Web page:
Punt and Kick



Punt: to kick (as a football or soccer ball) with the top of the foot before the ball which is dropped from the hands hits the ground.

This wasn’t what I saw, but this is nice!

It’s football season and if you’re from Pittsburgh, chances are you own something black and gold. Driving home from watching Penny the other day, I saw a black/gold car and couldn’t believe it at first. But then I realized- I can believe it- such is the way of the Pittsburgh Steeler pride around here.

Football reminds me of punting. And kicking. Especially when it comes to something challenging or upsetting. A good friend of mine posted on social media this morning. It was a distress call, a cry of pain. I messaged privately and asked what happened. The answer was- someone overdosed.

This is happening a lot around here (and I’m sure) in many other places. Drugs are mixed with other things, with tragic results. I bet if we all thought for a minute we could think of at least one or more persons who have lost their lives in the past year in this way. And it doesn’t have to be drugs. It can be a myriad of other things, including health issues.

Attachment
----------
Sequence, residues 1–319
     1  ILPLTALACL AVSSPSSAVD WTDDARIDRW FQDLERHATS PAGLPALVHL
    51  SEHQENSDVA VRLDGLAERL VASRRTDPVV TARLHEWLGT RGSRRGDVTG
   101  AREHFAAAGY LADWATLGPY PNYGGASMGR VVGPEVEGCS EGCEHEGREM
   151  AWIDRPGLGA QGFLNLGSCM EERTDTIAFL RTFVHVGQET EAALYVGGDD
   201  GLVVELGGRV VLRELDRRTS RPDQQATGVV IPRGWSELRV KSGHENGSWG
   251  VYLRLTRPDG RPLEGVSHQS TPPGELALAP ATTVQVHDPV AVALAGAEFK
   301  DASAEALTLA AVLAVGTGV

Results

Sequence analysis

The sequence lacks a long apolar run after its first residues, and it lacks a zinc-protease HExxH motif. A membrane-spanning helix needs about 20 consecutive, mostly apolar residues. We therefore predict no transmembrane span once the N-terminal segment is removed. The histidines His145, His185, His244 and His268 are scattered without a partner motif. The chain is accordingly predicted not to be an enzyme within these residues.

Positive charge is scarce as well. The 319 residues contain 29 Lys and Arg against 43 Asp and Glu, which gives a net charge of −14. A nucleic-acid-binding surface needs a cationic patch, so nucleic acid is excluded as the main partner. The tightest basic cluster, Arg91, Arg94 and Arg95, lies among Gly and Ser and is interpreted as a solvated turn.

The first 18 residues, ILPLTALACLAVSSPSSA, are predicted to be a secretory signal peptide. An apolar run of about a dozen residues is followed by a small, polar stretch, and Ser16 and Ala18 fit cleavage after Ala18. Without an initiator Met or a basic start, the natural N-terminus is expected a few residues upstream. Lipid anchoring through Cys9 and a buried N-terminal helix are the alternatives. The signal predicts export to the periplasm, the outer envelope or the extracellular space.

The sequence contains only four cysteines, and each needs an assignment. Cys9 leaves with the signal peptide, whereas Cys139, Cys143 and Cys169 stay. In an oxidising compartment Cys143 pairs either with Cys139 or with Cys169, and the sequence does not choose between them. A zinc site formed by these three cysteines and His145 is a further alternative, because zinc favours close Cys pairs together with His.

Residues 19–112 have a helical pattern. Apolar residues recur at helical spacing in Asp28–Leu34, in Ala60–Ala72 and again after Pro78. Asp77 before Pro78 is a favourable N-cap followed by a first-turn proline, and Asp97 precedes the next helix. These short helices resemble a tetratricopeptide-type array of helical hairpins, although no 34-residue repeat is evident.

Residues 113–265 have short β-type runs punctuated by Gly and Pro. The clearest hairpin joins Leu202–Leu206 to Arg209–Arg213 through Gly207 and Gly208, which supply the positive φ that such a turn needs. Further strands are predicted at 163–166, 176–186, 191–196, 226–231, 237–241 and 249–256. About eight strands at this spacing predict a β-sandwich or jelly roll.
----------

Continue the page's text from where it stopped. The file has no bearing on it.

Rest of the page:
How many things do we have control over? The answer- None. We only have control over ourselves (and sometimes we don’t have that either). We can set boundaries with other people with regards to what we are willing or not willing to do. But in the end we can only control ourselves.

If you’ve read my book, you know that I had to surrender when certain parts of my life became unmanageable. It was too difficult to keep fighting at times (and I am a fighter). I see no surrender lately in the political campaign. It makes me feel bad for the candidates when they can’t feel the beauty of tossing in the towel (at least not till later). 😉

So at every turn, they punt. And kick. And slander and beat the other up. I am watching posts on social media, choosing to hide the ones that make me judge others badly or make me not want to be friends with them. I heard something recently that as Christians, we need to be above all the mud slinging, just as Jesus was. He was a great example of peace. Ever been in a tug of war game? How hard did you try and win? Try laying down the rope and walking away. That was Jesus.

As tough as it is when we lose someone we love, I say this. Feel your feelings. Get all mushy in them, as if you are in a wonderful warm bath for hours and your skin gets all pruney and wrinkly. Then, get your football and go kick a few in the back yard (or where you can’t hurt anyone). When you’re tired and worn out, take a rest. After that, pull up your pants by the belt hooks and get back in there. There’s work to be done.